You talk to plenty of other fun characters with fleshed out personalities and backstories, but those are the main ones to satisfy. If you help all four, you can save the world.

This game provides examples of:

  • Artificial Limbs: Lugnut inverted this trope. He had mechanical legs and replaced them with organic wooden ones.
    • All of the Mechanimals are at least partially mechanical, usually with the artificial limbs outnumbering the organic ones.
  • Bag of Holding: The Emergency Kit Julius and Bud give you at the start.
  • Beeping Computer: The world's control room emits a constant series of modem-like tones.
  • Big Bad: Diode is effectively this. He plots to rule the surface world. He's the one who broke Carbine's lens, which is why Carbine came to the "Oracle", it's hinted he's responsible for Ohm's condition, and he almost certainly stood on his own valve on purpose to force the World Works to send someone down.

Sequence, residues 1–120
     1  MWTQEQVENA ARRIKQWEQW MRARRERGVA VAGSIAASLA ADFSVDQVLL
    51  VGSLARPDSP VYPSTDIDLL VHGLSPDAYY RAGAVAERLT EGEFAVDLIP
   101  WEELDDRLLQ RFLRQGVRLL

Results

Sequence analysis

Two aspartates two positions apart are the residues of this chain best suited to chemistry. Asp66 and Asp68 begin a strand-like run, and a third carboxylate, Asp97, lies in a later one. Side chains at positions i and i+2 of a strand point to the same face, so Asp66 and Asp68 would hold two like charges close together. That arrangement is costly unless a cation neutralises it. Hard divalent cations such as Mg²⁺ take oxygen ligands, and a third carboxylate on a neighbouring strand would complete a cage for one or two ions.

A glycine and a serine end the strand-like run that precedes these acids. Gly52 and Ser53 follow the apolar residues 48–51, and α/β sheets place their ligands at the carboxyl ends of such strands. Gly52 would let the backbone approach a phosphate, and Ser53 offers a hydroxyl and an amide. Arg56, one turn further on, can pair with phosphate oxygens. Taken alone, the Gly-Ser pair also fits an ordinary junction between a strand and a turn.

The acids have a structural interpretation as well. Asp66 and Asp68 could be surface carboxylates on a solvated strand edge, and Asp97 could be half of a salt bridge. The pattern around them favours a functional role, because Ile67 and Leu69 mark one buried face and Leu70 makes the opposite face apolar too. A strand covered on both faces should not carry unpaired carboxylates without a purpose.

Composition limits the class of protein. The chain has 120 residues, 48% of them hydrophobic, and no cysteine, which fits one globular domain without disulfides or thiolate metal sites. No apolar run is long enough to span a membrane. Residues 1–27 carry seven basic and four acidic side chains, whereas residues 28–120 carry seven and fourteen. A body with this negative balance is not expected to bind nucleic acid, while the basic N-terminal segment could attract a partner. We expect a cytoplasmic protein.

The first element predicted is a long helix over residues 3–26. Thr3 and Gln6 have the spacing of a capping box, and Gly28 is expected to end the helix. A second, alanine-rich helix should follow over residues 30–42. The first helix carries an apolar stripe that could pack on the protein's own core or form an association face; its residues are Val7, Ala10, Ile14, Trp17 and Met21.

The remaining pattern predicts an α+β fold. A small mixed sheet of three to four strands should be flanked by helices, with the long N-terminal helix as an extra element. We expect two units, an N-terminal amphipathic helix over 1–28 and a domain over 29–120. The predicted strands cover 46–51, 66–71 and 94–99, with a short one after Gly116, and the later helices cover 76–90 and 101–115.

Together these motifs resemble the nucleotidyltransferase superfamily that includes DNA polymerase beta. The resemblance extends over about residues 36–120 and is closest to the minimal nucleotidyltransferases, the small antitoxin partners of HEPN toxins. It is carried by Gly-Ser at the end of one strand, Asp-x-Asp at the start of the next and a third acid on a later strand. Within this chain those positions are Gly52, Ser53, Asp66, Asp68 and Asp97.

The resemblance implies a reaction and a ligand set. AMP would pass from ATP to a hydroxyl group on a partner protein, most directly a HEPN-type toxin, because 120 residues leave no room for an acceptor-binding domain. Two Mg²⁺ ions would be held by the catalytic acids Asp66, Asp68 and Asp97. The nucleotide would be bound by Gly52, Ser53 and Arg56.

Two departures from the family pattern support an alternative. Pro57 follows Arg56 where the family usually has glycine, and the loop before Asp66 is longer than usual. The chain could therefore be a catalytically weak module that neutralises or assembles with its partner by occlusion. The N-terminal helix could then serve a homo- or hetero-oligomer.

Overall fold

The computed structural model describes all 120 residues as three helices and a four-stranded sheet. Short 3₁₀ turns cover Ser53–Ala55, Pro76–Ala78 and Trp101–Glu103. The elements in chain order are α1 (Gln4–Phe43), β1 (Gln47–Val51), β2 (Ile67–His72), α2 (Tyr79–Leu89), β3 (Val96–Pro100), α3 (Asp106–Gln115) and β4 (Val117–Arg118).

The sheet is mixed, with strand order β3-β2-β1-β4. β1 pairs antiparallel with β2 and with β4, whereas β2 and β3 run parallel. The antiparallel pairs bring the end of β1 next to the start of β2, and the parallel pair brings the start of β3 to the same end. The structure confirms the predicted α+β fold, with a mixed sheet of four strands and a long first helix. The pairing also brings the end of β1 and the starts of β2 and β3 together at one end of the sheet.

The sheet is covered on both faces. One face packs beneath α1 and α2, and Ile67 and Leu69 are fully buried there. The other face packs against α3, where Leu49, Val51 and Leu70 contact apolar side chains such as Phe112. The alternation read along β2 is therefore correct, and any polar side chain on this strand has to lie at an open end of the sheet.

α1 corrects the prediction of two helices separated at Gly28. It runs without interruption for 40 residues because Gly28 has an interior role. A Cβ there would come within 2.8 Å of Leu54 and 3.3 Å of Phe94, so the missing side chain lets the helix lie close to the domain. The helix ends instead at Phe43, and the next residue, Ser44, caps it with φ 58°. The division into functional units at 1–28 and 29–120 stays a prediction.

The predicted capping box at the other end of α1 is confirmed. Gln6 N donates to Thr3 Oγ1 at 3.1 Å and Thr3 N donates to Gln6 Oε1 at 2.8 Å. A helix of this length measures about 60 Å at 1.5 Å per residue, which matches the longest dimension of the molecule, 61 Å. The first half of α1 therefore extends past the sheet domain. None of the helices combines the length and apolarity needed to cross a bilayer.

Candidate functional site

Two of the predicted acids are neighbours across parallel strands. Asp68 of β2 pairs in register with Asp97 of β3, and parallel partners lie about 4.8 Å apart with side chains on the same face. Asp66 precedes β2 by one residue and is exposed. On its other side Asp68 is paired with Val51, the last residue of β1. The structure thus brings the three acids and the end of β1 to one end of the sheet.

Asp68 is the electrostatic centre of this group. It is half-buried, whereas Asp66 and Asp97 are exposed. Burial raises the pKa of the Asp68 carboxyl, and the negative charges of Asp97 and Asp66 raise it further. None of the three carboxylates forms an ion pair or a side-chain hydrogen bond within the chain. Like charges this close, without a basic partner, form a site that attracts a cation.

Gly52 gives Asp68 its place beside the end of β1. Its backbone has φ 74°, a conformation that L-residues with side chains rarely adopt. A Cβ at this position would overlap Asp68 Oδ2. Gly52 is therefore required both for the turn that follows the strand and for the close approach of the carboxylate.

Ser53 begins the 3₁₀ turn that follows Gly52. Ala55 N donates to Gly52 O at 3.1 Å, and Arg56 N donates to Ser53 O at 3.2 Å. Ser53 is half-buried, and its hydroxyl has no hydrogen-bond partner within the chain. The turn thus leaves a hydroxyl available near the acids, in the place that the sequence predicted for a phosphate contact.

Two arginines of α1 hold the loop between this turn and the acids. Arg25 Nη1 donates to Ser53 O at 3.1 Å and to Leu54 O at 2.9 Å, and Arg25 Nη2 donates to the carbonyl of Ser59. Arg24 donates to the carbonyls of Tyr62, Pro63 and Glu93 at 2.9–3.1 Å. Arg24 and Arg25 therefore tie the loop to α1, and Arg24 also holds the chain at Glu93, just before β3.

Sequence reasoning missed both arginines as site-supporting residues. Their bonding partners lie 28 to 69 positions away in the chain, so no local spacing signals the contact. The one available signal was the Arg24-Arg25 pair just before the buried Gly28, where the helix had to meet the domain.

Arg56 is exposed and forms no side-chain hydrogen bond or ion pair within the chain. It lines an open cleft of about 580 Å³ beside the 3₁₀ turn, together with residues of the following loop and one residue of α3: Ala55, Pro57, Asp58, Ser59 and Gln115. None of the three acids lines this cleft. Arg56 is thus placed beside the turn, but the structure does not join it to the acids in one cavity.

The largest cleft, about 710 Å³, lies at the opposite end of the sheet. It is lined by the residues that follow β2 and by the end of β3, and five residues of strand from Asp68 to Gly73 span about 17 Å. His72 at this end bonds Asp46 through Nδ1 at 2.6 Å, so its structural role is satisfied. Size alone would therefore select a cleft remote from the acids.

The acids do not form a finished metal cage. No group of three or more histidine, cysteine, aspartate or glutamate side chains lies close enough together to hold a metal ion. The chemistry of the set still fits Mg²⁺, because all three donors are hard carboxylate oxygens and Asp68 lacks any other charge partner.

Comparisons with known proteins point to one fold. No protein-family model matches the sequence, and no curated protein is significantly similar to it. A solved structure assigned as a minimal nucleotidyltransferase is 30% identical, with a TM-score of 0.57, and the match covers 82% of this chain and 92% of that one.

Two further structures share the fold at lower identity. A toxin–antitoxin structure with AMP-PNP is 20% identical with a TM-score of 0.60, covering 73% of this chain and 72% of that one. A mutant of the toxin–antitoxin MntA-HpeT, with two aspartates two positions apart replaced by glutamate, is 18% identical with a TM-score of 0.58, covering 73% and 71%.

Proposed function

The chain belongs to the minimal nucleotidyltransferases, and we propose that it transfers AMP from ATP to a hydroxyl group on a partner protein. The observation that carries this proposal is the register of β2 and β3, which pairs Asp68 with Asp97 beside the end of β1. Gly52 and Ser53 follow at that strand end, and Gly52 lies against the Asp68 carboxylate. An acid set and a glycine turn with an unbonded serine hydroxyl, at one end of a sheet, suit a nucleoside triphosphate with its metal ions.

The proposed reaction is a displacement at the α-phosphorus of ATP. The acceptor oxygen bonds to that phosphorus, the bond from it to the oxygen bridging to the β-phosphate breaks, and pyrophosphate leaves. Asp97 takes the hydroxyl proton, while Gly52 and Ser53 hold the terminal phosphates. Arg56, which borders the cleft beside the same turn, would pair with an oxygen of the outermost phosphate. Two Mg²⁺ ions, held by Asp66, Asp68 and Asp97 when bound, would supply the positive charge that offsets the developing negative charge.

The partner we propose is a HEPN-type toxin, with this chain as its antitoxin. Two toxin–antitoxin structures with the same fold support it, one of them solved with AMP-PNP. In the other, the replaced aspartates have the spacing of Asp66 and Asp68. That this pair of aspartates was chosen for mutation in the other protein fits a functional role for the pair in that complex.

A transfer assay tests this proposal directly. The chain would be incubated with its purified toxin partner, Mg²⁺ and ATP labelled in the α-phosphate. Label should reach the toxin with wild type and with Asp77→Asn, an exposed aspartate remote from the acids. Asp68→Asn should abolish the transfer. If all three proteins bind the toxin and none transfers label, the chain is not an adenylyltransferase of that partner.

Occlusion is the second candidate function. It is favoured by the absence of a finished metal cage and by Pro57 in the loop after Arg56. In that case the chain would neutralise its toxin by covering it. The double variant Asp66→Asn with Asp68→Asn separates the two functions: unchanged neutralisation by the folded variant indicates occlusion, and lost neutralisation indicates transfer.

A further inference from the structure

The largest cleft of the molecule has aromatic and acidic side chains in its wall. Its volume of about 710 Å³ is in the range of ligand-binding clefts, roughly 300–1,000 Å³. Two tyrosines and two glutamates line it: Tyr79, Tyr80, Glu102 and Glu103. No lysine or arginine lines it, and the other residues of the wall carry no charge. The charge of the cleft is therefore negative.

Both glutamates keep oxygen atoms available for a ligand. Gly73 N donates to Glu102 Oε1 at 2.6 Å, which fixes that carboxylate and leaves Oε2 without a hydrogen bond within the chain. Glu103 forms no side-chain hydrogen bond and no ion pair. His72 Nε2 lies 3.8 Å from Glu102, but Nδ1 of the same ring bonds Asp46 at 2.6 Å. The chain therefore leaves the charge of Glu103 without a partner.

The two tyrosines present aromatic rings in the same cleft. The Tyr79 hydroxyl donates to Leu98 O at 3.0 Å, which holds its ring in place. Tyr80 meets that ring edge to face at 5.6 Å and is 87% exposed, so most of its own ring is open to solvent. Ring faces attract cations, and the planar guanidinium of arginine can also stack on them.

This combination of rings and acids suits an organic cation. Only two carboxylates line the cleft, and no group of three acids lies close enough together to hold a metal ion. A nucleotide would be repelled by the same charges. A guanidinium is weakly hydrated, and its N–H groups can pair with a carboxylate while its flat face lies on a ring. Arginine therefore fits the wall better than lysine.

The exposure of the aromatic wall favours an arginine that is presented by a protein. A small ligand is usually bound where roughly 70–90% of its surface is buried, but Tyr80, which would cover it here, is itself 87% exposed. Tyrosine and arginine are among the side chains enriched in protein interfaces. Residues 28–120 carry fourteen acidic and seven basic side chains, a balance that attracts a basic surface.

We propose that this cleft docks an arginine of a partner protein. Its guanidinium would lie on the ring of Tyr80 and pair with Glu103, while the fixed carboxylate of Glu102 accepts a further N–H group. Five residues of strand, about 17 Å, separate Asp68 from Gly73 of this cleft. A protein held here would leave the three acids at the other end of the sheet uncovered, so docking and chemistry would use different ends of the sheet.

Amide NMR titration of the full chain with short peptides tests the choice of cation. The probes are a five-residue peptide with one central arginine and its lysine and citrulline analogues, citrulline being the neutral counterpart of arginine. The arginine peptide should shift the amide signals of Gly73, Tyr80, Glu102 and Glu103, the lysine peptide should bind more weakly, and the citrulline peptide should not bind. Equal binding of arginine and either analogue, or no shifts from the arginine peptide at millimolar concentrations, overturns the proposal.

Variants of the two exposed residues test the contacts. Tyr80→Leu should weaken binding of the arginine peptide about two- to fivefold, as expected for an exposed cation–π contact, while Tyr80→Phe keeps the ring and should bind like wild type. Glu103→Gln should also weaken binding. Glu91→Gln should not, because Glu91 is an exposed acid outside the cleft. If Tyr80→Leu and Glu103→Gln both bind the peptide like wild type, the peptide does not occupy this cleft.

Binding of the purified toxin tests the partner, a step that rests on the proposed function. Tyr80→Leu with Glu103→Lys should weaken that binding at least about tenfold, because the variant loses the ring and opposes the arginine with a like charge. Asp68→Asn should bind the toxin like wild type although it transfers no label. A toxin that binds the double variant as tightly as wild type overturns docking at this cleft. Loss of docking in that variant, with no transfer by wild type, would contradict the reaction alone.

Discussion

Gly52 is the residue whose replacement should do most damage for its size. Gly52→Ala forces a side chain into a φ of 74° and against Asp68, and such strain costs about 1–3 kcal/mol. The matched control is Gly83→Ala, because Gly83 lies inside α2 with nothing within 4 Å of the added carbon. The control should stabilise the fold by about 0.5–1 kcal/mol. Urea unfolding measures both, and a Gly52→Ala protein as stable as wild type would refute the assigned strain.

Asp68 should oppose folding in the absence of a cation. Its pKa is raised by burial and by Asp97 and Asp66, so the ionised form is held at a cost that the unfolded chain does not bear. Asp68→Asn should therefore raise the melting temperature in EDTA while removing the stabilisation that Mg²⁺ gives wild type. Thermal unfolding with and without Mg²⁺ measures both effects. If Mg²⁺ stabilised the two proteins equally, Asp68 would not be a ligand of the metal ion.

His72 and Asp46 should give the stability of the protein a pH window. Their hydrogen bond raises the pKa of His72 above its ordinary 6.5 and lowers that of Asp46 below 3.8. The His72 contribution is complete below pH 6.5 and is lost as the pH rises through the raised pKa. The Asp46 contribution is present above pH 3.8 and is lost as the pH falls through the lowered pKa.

• Big Electric Switch: The On/Off switch for the World, appropriately. Bud even puts on gloves before he flips it.
  • Brain Uploading: Sprocket created a machine that could create "living glass" by copying a Mechanimal's mind into it. Made easier by the fact that Mechanimals have circuit boards for brains. Sprocket's apprentice, Ohm had tested this device, but it transferred his mind into it, leaving Ohm himself as the Derelict.
  • But Thou Must!: Right off the bat, you have the option of going forward (blocked by a fence) left (spontaneous earthquake causes impassable fault line) right (pile of cows drops out of sky to block path) or you can go down the path marked "KEEP OUT."